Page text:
The New Retirement Age
You've heard the phrase "40 is the new 30?" Well, 69 is the new 65 when it comes to retirement. According to a recent retirement survey by SunAmerica Financial Group, Americans are working beyond the once golden age of retirement.
I asked Jay Wintrob, President & CEO, SunAmerica Financial Group about the survey's findings and how retirees are trying to achieve a financial peace of mind.
LL: It used to be the goal to retire early. What's the new retirement age?
JW: We found in our survey that retirement is being postponed. Pre-retirees told us they now intend to delay retirement by five years—from age 64 to age 69—triggered in part by increasing longevity, as well as by the recession and financial need.
LL: What is the greatest factor weighing on workers when it comes to retiring?
JW: Nearly three-quarters say that a major worry of living a long life is developing serious health problems. Being a burden on family and running out of money are also serious concerns.
LL: So many more retirees are working again. It use to be for extra spending cash, how much has this changed and are now retirees working to help make ends meet?
JW: Work has increasingly become an important part of retirement. Many are realizing that funding 20 or 30 or more years of non-productivity is increasingly unrealistic. In fact, almost two-thirds (65%) say they would ideally like to include some work in retirement. Those age 55–64 are even more likely than those 65+ to say the ideal retirement includes work (77% versus 56%).
Some may think that only people who need continued income would choose to work in retirement. However, when reporting their reasons for working in retirement, participants ranked money second. The top reason people want to work during retirement is “the stimulation and satisfaction.”
LL: How is the multi-generational family impacting retirement?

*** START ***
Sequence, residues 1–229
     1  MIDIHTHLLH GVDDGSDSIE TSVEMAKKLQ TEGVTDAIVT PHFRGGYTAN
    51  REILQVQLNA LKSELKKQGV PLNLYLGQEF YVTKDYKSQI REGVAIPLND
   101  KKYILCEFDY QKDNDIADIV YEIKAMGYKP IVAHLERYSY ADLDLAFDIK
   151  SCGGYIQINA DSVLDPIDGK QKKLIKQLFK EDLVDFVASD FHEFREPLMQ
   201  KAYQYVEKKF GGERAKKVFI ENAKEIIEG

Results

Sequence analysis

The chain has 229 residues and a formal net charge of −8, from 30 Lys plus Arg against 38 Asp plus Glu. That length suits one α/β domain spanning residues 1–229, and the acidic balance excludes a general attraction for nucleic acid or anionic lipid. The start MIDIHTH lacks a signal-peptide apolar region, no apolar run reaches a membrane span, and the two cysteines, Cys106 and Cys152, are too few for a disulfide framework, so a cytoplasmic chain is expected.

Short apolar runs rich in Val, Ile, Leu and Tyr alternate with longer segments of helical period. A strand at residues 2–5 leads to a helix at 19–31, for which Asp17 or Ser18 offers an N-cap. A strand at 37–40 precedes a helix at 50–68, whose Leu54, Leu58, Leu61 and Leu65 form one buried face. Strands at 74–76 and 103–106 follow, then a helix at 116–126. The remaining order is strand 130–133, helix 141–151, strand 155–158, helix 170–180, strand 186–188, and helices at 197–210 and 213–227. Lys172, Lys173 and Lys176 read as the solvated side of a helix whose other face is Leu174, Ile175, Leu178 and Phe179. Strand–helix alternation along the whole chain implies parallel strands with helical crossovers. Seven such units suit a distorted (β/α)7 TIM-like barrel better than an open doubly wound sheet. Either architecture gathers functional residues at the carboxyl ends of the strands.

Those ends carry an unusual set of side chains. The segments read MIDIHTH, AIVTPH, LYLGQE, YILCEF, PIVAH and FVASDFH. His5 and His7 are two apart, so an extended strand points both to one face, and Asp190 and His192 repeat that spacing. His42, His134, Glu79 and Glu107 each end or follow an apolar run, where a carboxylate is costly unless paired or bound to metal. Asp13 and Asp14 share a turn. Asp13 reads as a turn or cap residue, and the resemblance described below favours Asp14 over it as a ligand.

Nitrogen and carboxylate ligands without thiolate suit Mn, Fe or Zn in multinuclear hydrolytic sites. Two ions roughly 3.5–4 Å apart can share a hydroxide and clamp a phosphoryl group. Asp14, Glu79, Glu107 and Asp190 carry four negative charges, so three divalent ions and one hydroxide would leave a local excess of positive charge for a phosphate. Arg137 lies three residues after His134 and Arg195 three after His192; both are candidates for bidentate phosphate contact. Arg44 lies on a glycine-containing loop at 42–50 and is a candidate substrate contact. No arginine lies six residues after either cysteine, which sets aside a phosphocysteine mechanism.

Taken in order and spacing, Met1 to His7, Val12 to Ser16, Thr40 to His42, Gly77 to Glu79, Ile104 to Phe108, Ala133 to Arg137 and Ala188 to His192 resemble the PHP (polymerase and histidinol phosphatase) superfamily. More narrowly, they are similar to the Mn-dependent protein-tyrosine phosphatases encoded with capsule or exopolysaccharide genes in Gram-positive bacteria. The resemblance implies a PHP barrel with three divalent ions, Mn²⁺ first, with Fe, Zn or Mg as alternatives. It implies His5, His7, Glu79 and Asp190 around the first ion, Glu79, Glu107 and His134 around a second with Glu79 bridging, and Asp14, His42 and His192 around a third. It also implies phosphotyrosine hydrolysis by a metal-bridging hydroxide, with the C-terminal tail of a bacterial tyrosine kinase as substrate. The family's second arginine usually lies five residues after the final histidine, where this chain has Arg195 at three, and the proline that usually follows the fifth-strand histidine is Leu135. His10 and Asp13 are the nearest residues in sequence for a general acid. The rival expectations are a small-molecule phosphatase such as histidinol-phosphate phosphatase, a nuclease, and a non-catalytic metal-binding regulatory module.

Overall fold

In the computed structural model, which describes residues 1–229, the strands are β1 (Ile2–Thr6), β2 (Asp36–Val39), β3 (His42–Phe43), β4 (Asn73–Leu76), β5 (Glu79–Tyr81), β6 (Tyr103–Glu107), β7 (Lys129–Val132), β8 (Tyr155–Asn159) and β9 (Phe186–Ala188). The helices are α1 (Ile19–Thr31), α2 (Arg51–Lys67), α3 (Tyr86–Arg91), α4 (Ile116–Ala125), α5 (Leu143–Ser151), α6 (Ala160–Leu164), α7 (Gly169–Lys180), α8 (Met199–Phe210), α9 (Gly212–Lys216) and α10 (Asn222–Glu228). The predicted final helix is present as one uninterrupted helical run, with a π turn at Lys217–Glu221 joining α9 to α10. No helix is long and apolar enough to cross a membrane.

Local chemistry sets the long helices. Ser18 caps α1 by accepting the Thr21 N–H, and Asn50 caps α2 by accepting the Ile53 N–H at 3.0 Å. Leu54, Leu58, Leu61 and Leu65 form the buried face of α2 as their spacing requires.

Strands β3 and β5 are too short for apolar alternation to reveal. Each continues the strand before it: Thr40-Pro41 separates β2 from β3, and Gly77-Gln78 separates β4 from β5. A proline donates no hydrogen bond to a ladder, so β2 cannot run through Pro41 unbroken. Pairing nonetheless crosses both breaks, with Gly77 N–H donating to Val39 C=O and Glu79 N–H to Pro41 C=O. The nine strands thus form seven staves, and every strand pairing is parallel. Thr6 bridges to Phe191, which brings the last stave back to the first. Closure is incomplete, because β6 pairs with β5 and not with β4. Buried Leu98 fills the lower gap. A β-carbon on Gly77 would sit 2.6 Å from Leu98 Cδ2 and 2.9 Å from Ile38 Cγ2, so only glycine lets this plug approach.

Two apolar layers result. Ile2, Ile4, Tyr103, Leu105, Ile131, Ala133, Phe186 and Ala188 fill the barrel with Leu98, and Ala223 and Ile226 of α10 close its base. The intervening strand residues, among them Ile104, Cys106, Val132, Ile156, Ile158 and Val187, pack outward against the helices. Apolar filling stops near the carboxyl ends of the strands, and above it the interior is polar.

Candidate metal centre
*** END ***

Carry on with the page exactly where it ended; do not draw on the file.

JW: Our study revealed family assistance to be the new “wildcard,” as pre-retirees must balance their retirement plans with the possibility of having to financially and emotionally support aging relatives, adult children, grandchildren, and siblings. Nearly half expect they will need to provide financial assistance to family members. In a new twist on “childcare” that may extend many more decades than originally anticipated, 70% of these respondents say they will need to provide financial assistance to their adult children.
LL: There used to be a formula accountants used to suggest this is "how much" you need in order to retire. What's the equation now given life expectancy is increasing and costs rising?
JW: With increasing longevity and market uncertainties, managing money throughout retirement is a growing challenge. Many realize that managing money smartly during retirement is just as important as “how much” they need to save. In fact, the percentage of people age 65+ who have an overall investment strategy for their retirement years has dramatically increased, from 37% in 2001 to 64% in 2011.
Financial peace of mind is now the key goal for the vast majority of Americans and protecting assets is now 5X [five times] more important than higher risk, potentially higher return investments. Today, Americans are looking for investments that protect income from market loss and provide guaranteed income for life.
Many also now recognize that retirement preparation is not a do-it- yourself project. The percentage of people who have received professional financial planning assistance increased from 40% in 2001 to 49% in 2011. The vast majority (68%) who have used financial advisors believe they have been very helpful, and those who sought professional advice are 72% more likely to feel financially prepared for retirement.
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A Senior Talent Producer at CNBC, and author of "Thriving in the New Economy:Lessons from Today's Top Business Minds."